07-18-2016, 05:05 PM
Jail for Sharing Your Netflix Password?
Understanding the Law That Could Make it a Federal Crime
Photo Credit: Shutterstock.com
It’s become so common that it’s almost a joke. One person has a Netflix account and three other people are using it. A recent court ruling found that because of a law called the Computer Fraud and Abuse Act (CFAA), using someone else’s password could be considered a federal crime with an extremely harsh punishment. Someone who violates the CFAA can face decades in prison and large fines.
“The CFAA was intended to be an anti-hacking statute. It should be targeting the circumvention of technological access barriers—people breaking into computers—and the law is so vague and so confusing that it’s gone really far beyond that,” Jamie Lee Williams, a legal fellow for the Electronic Frontier Foundation, told Salon.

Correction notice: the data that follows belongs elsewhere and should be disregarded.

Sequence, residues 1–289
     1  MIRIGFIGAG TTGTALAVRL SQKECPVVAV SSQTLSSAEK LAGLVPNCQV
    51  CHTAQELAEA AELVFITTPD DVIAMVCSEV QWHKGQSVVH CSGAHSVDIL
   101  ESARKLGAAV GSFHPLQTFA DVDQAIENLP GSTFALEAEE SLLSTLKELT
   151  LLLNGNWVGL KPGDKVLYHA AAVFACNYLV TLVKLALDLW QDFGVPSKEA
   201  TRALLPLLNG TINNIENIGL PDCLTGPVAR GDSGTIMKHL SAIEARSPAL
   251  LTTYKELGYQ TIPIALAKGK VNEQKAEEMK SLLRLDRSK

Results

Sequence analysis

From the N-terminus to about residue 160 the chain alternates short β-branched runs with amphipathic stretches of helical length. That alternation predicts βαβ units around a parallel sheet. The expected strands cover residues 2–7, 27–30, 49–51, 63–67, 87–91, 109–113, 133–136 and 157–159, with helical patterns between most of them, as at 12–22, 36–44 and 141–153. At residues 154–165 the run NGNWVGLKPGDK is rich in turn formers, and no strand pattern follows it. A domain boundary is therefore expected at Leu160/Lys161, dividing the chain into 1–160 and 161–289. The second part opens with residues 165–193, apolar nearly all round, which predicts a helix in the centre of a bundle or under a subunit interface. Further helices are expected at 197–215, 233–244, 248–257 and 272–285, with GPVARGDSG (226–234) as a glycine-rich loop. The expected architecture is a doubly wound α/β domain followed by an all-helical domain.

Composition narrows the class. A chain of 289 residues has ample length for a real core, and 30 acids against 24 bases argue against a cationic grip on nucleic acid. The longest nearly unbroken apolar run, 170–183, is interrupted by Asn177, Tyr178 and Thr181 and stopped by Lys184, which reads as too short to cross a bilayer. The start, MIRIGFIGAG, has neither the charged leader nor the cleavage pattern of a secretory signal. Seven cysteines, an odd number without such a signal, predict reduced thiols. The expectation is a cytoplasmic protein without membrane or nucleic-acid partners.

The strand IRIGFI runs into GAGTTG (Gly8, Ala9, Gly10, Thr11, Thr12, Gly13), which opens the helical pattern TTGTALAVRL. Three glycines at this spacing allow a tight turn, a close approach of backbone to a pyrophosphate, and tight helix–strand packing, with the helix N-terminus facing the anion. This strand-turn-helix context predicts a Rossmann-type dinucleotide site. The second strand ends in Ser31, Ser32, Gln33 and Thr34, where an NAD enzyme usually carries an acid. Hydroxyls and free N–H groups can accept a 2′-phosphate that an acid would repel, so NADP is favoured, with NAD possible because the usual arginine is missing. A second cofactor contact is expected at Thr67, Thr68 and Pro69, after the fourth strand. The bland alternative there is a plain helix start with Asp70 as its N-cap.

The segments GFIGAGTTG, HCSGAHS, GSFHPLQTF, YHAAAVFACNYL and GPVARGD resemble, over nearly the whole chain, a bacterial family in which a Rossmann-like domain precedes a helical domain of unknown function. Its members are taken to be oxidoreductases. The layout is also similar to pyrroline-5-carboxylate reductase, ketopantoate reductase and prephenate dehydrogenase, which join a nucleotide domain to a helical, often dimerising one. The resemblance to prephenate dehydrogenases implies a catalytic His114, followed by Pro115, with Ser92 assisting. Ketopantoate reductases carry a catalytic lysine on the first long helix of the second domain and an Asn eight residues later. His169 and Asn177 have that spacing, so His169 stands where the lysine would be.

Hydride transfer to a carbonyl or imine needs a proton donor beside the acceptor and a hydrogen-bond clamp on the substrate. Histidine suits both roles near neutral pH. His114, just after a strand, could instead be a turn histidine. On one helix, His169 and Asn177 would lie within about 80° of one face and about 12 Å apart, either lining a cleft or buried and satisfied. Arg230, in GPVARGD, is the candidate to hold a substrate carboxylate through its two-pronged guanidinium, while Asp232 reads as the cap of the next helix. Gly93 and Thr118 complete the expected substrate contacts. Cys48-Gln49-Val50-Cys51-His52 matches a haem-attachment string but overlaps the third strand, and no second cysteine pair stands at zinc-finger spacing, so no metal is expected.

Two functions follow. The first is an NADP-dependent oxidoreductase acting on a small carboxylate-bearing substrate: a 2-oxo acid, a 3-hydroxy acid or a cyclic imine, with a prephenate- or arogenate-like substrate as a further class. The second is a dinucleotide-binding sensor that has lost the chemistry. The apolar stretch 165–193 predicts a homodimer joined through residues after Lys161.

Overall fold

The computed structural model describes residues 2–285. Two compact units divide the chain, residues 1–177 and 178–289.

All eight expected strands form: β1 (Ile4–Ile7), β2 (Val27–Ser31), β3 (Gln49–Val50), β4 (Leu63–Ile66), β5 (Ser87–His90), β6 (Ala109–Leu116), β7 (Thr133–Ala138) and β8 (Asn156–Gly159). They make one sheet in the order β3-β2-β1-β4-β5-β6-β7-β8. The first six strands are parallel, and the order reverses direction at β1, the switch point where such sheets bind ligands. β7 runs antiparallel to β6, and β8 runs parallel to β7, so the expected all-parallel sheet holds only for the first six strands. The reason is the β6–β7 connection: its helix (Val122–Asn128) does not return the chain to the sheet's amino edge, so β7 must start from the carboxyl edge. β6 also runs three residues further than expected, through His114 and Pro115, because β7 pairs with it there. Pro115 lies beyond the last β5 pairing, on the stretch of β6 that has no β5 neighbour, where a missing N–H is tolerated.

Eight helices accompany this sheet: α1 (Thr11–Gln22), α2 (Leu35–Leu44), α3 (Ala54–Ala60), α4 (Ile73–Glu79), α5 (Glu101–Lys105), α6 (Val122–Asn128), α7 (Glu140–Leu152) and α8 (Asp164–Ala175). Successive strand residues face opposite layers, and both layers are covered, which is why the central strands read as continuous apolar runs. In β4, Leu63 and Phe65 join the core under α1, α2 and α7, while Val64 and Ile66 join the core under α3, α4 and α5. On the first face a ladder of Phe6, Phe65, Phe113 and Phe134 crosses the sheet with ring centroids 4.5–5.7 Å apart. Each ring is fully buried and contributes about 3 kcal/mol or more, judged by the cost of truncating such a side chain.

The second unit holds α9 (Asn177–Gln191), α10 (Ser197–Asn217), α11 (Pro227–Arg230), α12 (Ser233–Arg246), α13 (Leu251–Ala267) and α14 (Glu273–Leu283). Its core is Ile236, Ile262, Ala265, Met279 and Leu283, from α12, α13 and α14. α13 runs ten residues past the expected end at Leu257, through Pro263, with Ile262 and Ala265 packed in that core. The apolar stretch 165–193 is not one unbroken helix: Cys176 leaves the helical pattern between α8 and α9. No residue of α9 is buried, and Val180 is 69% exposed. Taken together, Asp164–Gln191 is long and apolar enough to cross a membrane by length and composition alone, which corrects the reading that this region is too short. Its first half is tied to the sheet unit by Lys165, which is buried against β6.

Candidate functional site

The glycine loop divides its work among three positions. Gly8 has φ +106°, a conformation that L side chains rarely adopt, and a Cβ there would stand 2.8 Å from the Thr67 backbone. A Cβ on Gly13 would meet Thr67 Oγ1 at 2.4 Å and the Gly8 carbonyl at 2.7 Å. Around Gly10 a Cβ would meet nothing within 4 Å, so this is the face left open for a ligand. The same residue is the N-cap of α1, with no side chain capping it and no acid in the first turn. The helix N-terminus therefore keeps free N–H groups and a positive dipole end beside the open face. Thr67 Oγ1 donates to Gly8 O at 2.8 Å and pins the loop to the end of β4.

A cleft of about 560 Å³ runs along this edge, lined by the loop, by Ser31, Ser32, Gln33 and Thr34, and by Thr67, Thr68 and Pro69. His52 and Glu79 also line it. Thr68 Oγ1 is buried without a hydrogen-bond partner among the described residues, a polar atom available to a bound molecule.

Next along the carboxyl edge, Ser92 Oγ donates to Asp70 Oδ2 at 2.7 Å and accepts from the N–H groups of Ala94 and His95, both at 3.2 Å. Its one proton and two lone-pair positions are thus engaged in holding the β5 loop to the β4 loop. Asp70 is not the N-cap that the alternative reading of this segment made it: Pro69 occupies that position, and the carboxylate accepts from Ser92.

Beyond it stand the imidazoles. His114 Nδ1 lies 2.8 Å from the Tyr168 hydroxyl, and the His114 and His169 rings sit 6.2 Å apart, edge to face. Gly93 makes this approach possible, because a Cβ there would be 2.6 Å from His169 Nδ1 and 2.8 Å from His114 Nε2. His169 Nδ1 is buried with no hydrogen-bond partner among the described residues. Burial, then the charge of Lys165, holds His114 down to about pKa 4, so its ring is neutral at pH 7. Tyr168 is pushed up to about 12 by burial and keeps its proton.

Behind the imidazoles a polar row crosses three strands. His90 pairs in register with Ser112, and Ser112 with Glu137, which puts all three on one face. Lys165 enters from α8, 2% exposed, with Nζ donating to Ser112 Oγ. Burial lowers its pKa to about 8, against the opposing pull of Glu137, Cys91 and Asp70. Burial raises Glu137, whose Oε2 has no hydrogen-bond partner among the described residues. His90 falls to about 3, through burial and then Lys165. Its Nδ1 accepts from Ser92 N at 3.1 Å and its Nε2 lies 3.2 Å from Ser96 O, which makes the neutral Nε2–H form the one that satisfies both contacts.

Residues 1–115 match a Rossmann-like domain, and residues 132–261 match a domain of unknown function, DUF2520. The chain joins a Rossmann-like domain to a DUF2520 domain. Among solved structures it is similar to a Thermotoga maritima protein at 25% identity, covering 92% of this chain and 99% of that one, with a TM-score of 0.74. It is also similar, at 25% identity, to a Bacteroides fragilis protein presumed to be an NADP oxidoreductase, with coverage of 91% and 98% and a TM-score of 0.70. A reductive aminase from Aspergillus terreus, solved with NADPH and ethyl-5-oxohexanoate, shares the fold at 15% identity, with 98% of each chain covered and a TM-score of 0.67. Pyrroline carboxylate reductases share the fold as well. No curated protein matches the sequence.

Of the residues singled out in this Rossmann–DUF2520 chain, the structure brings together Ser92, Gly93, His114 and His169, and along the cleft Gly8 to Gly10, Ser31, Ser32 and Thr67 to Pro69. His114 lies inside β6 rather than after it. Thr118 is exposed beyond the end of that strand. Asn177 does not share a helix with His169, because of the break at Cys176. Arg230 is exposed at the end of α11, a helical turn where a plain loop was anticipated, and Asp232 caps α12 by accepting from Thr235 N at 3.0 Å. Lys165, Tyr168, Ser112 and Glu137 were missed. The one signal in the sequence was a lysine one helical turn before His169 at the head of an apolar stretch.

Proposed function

The case is called United States v. Nosal. David Nosal was a former recruiter with an executive search firm when he at one point decided to use a former coworker’s password to get into the firm’s database. That might seem innocent enough, but the prosecution is using the CFAA to allege that Nosal’s use of the password was unauthorized and thus a crime. The U.S. Court of Appeals for the Ninth Circuit found it was indeed a violation of the CFAA.